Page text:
Variable Frequency Drive (VFD) for a Commercial Convection Oven
A convection oven utilizes a stirring fan to circulate heated air which substantially reduces cooking time. The customer was purchasing an expensive drive manufactured in Europe which they desired to replace with a low cost drive manufactured in the USA. In the application, the drive receives serial communication commands from a PLC that provides the user with various cooking recipes. A standard drive could not be used because the communication protocol, although similar to Modbus, was unique and proprietary.
The low cost KBVF Series VFD, with the DIDF Serial Communications Module, was chosen for this application. KB engineers were able to decode the proprietary serial communications protocol and reprogram the standard DIDF Communications Module.
The result was exactly what the customer desired-a low cost VFD assembled in the USA with proprietary serial communications.
Hello Automation, Goodbye Manual Palletizing
Palletizer machines have become an essential part of automation, replacing human error and injury in manufacturing with efficiency and speed. In addition to such benefits, palletizers can handle environments that would otherwise be injurious to workers. Instead of requiring the hire of more laborers to do this work, many companies have adopted palletizers into their workplace environments in order to get the job done more quickly, effectively and safely.
Here is a preview of the Helix Torsional Anti-backlash nut that will be released later this week. This rivals Haydon Kerk’s KHD/VHD and Thomson BSA’s XC type anti-backlash nuts. This is the first in a series of torsion spring nut designs we will be releasing in the coming months.
Click here to view the Preview!
When are custom couplings the best choice? Check out the latest issue of Design World magazine for the mechanical feature written by Design World Associate Editor, Mike Santora on how acustom coupling might mean the difference between a good choice and the perfect choice for your application.
Read the feature here.
April 4th, 2016
RADFORD, Va. – Nippon Pulse America Inc. (NPA) is pleased to announce that its Virginia-based sales office has been approved for ISO 9001:2008 and 14001:2004 certifications by BSI America.
BSI certified NPA for both Quality Management and Environmental Management under ISO’s international standards. NPA joins over 1 million companies and organizations worldwide to be certified under the 9001 standard for Quality Management, which allows companies to ensure consistency and continual improvement in products and services. The 14001 standard allows NPA to measure and improve its impact on the environment through the creation of a certified Environmental Management system.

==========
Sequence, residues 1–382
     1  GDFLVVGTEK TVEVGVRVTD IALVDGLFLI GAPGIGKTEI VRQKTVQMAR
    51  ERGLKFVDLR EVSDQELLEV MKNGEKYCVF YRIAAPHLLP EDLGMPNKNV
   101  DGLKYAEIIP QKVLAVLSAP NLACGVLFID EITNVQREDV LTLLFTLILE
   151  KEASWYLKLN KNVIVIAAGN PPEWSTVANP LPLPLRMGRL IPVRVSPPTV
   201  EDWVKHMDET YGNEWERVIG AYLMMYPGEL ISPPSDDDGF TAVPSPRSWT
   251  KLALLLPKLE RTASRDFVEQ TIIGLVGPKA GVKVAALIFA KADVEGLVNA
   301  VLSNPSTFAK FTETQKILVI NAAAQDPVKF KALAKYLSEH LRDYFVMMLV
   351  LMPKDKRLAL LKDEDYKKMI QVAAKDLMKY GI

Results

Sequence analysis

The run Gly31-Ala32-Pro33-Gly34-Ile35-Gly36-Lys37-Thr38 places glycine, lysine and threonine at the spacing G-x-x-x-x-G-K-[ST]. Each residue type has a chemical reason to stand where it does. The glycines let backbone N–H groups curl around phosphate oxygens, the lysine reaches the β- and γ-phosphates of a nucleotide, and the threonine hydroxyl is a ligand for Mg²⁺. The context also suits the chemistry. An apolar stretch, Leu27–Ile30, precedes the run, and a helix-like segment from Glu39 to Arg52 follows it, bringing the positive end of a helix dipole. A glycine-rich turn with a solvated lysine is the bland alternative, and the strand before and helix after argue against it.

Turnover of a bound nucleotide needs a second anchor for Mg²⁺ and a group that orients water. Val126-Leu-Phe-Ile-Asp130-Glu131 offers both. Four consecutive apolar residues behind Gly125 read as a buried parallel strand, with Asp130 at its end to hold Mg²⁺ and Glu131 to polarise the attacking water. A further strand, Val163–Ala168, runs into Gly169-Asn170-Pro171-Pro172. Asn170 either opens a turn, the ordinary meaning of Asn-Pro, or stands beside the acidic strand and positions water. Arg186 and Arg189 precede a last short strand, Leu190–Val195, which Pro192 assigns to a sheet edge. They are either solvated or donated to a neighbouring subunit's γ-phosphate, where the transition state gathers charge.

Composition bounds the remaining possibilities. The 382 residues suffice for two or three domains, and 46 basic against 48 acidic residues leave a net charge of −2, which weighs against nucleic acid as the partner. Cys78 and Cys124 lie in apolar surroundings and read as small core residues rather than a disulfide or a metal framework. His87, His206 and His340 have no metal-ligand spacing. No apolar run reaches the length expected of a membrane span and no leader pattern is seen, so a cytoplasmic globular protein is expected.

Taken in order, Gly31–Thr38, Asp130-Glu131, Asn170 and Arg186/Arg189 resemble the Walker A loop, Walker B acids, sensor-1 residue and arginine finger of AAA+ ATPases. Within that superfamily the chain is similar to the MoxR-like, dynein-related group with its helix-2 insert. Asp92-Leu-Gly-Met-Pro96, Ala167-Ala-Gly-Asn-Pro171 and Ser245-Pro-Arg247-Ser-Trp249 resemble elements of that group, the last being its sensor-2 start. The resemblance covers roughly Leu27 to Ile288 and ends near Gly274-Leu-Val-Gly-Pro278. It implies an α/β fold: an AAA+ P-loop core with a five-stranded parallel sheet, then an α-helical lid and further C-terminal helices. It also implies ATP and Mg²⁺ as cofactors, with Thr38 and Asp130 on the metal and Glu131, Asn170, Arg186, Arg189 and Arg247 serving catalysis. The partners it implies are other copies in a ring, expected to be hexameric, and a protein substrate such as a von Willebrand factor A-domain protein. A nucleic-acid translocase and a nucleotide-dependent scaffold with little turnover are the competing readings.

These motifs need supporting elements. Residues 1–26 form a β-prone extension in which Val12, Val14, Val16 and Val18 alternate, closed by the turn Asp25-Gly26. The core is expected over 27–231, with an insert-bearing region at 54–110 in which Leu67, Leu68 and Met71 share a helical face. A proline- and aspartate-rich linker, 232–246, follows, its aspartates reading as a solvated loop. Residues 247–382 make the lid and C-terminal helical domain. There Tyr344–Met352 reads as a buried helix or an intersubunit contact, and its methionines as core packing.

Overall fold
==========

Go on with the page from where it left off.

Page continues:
Many of NPA’s products are manufactured in Nippon Pulse factories located in Japan and China, all of which have previously received both the ISO 9001:2008 and 14001:2004 certifications. As a sales-based office, NPA chose to work toward the certification as a commitment to providing customers with the highest quality service, and to reducing its impact on the environment.
The Exlar® FT Series actuators combined with a parallel motor mounting configuration use a polymer reinforced belt drive system. The drive train does not require any lubrication and any oil or dirt contamination within the belt drive system will decrease belt effectiveness and life. The belt and pulley system should be inspected periodically for excessive wear and proper tensioning.
Do not remove the belt cover while the actuator is operating. Always remove power from the attached motor before removing the belt cover to service any component of the drive train (i.e. belts, pulleys, bushings, inline couplings, gears, etc). Failure to do so can result in damage to the actuator or cause serious injury to the operator.
The following picture is only an example of a typical belt and pulley drive train in an FT Series actuator.
These belt drives do not require as much tension as other belt drives that depend on friction to transmit the load. The installation procedure should begin by installing the belt with a snug fit, neither too tight nor too loose. Now, measure the belt span, (t), as shown in the picture above. With one pulley free to rotate, use a spring scale to apply a perpendicular force to the center of the belt width at the mid-point of the belt span. For belts wider than 2”, it is suggested that a strip of keystock, or something similar be placed across the belt under the point of force to prevent distortion. Measure the deflection of the belt at the mid-point. While applying the correct force, there should be 1/64” of deflection for each inch of belt span. For example, the total deflection for a 32” belt span is 32”*1/64” = ½”. The appropriate amount of force for each belt is shown on the customer approval drawing, or you may contact our application engineer team for assistance.